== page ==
NEW YORK The City Council here on Monday heard arguments concerning a reintroduced bill that would require the city's health department to consider labor law violations when issuing or renewing restaurant permits.
Called the Responsible Restaurant Act, the bill was originally introduced about two years ago by employee advocacy group the Restaurant Opportunities Center of New York and sponsored by Councilman Eric Gioia. The measure was reintroduced at a council hearing Monday.
Under the proposal, operators applying for or renewing a restaurant permit would have to indicate whether they have been found in violation of any wage and hour laws over the past five years. A reported labor violation could result in the denial or suspension of the restaurant's permit.
The bill also would require the health department to publish labor violations along with health code violations.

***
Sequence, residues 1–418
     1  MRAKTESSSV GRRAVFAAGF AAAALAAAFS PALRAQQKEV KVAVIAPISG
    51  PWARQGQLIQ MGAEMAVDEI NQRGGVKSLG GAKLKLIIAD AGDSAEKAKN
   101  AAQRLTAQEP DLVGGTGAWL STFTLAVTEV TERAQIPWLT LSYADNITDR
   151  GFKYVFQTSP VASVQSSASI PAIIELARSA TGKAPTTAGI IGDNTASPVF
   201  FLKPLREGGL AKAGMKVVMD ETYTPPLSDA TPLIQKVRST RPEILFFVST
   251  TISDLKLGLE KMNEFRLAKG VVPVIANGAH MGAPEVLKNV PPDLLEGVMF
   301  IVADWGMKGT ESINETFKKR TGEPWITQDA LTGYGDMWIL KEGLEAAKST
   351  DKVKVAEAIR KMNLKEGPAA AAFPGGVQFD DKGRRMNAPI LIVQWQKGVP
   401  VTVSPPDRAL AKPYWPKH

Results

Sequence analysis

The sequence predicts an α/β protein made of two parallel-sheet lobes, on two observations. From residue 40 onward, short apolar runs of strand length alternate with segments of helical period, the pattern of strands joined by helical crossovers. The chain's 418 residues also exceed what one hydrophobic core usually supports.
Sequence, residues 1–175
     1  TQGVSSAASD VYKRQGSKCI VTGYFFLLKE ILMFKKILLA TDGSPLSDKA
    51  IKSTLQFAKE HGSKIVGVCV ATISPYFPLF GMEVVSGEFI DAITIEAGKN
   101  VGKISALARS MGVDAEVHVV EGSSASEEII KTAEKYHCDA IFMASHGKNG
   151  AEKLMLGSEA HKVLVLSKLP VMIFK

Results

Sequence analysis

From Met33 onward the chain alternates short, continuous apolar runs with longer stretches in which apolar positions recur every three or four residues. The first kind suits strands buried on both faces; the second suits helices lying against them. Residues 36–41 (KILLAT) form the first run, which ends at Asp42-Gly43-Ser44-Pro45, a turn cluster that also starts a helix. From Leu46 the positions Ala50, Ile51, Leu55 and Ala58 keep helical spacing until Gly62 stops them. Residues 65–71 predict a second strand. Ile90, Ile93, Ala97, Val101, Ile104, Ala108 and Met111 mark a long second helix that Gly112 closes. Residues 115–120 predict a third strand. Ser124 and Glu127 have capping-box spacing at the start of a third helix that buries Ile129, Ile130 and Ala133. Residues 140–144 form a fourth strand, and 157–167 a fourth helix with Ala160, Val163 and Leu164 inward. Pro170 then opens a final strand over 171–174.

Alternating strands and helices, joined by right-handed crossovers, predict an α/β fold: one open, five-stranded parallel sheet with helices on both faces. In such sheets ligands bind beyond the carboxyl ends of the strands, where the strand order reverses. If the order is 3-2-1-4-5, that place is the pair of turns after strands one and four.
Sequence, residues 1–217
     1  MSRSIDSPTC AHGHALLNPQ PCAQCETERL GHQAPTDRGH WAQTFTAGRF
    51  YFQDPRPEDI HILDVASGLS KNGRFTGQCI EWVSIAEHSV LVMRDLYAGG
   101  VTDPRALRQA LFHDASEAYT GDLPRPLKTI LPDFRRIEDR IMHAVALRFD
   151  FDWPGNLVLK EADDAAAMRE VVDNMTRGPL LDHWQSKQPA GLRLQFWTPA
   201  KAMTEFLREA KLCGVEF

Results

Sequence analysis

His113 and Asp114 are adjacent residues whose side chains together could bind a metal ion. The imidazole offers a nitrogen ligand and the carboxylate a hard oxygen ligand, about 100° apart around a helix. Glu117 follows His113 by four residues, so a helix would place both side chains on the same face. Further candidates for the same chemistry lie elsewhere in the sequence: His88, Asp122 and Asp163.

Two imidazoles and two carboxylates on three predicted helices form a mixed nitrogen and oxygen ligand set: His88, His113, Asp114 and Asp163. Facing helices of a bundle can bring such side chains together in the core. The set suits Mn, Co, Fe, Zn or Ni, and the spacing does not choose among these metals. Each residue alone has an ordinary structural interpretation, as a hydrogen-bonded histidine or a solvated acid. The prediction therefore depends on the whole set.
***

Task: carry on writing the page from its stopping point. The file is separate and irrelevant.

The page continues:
The proposed legislation has the support of restaurant workers and reportedly several council members, but both the health department and the New York State Restaurant Association oppose it.
“This bill has been around for years and never really gotten out of committee,” said Chuck Hunt, executive vice president of the NYSRA’s New York City office. “There are already so many laws and vigorous programs in place where [labor] violations [are monitored and] issued. Even the health department’s deputy commissioner testified against [the bill] at yesterday’s hearing. She said the department didn’t have the expertise to enforce it and isn’t mandated to do so either.”